In a hearing the message was that their money is not welcomed if they abide by environmental standards.
By Chrysta Castañeda
Author’s note: This article was originally published in The Dallas Morning News on January 9, 2023.
A few weeks ago, the Texas Senate summoned representatives of some of the largest investors in Texas’ energy sector to Marshall for a public shaming. These investment firms back companies that employ thousands of our friends and neighbors and support nearly 10% of the state’s economy.
Rather than encourage these firms to invest even more in Texas, the Republican legislators spent nearly eight hours delivering the bizarre message that their money isn’t welcome here. You see, they don’t want these firms — which invest the pension dollars of Texas firefighters, teachers and first responders — to abide by the fiduciary standard that they are held to, simply because that fiduciary standard also tells them to invest in the planet’s future.
The fiduciary standard requires those who hold other people’s money to invest it in ways that maximize the return on that money without self-dealing. Although there are other nuances to the concept, the one that rankles Republicans is the fact that these fiduciaries also look at environmental issues. They’d rather not have the Texas oil industry subjected to sensible pollution goals, even though the Texas oil and gas industry itself says otherwise.
Back in Marshall, the Senate State Affairs’ hearing was full of surprisingly hostile and poorly informed accusations hurled at the investment firms’ witnesses. According to the testimony, BlackRock has invested $31 billion in the Texas energy industry in just the last two years and $107 billion in Texas public energy companies to date. This money helps more than 3.5 million Texans fund their retirements. Indeed, BlackRock is one of the biggest investors in Texas’ oil and gas industry.
Yet upon hearing the testimony, one committee member, state Sen. Lois Kolkhorst, said that they “have different goals” and that “it’s maybe time for us to take our marbles, go elsewhere.” Does she really think that driving some of the biggest investors out of the state, just because they adhere to the fiduciary standard, is actually good for Texas? Does she really think that state pension money will be better off in the hands of firms that do not follow the fiduciary standard? Recall that Bernie Madoff didn’t follow the fiduciary standard either, and likely did not have an environmentally sensitive investment plan. Running responsible investment firms out of the state — and jeopardizing the financial security of millions of Texans in the process — is a new low, even for the Texas Legislature.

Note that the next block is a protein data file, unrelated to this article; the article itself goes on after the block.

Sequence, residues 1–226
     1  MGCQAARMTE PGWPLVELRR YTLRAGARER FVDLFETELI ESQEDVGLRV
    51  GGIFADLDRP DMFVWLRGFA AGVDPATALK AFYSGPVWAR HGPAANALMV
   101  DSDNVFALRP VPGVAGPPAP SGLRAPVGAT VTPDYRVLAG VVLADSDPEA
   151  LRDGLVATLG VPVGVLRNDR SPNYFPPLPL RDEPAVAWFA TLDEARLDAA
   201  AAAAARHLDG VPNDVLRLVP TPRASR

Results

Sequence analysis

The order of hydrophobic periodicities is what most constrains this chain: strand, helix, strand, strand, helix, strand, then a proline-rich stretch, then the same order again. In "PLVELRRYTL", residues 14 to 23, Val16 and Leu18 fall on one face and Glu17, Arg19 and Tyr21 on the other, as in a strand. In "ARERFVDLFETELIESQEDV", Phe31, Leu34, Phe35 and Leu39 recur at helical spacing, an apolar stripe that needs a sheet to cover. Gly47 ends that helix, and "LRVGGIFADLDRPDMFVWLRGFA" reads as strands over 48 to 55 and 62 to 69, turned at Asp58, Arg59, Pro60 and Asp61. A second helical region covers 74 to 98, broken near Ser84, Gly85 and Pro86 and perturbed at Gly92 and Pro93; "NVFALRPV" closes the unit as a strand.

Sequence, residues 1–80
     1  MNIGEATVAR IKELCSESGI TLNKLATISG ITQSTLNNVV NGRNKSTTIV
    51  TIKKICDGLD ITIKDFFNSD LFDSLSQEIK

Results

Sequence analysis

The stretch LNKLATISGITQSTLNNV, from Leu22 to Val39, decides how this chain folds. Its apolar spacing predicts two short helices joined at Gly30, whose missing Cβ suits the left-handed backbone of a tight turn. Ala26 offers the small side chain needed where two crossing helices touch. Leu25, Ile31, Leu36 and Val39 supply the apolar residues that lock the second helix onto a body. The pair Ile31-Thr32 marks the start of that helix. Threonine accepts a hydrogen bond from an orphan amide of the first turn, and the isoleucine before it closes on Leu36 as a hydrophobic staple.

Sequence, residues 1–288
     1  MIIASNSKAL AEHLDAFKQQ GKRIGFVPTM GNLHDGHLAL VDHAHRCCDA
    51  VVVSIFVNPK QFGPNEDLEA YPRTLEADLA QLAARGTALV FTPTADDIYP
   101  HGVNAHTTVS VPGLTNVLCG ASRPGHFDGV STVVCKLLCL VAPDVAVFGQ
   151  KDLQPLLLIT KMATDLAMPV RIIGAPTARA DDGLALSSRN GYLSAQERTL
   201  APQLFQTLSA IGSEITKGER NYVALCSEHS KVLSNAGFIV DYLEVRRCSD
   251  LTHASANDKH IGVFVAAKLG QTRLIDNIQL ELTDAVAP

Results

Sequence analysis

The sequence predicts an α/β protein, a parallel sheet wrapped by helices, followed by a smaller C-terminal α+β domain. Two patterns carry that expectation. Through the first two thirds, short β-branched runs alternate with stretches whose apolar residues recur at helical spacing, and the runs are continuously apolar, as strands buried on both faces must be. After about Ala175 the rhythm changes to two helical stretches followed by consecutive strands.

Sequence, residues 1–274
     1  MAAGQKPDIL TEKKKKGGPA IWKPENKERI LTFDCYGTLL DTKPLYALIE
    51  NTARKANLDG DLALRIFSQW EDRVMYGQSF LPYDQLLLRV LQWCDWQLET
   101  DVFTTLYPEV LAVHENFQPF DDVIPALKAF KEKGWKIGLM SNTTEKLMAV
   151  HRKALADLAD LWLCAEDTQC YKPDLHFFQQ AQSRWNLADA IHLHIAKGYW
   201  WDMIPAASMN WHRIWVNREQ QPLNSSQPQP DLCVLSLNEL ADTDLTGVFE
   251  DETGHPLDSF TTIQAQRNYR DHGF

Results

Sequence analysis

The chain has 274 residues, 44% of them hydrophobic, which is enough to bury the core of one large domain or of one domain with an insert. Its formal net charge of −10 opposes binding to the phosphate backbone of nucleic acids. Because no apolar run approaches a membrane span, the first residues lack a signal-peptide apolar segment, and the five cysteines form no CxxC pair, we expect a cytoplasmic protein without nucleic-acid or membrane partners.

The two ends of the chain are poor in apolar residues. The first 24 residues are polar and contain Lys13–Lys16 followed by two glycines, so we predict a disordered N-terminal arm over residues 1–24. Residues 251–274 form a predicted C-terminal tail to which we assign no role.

Why did the committee schedule a show trial to berate these firms when their management of state funds is driving positive returns for Texas retirees? Because taking down the “woke agenda” is a political tool for these senators to stay in power and please their base voters. Some conservatives, here in Texas and around the country, are on the march against any investment strategy that looks to the future of energy. They fear that if these firms focus on investing in companies that value reducing pollution and creating cleaner energy, that will trigger the immediate downfall of the traditional oil and gas sector. Their fears are unfounded, but reality plays only a bit part in this political drama.
Sen. Bryan Hughes, the chairman of the committee, was clearly jockeying for pole position among the agitated conservatives. When told of BlackRock’s $27 billion investment in Exxon, he said that BlackRock making any investment in Texas oil and gas companies at all “is our concern,” adding, “we wish you weren’t there.” Because Exxon has a platform to clean up its oil and gas activities and the investment firms support it, our state senators would rather risk the pension funds of Texans. They’ll happily jeopardize billion-dollar investment decisions about Texas pensions for tweets and MAGA clout if they have their way with this issue.
The committee could have had an honest discussion about investment decisions. They could have asked the executives, who manage trillions in assets and billions of pension dollars across the globe, how they achieve their returns. As elected representatives of the people of Texas, they could have had a real conversation about how to ensure the long-term viability of the pensions entrusted to the state by millions of retired Texas police, nurses, teachers and other public servants.
Instead, the committee members spent a day congratulating themselves on their posturing and asking why Ron DeSantis’ Florida government — 700 miles east of where the hearing took place and far outside of the committee’s jurisdiction — had divested from some BlackRock funds.
With recent market fluctuations, a fast-growing state like Texas is in no position to send investments elsewhere. We need to keep our doors open and allow businesses to thrive here and hire here. Blacklisting investment firms, or any other company that does not perfectly align with the whims of conservative politicians, will only hurt the people they’ve been elected to represent: You.
Chrysta Castañeda is based in Dallas, where she is a lawyer and engineer with a deep understanding of energy operations, finance and markets. She was the 2020 Democratic nominee for Texas railroad commissioner.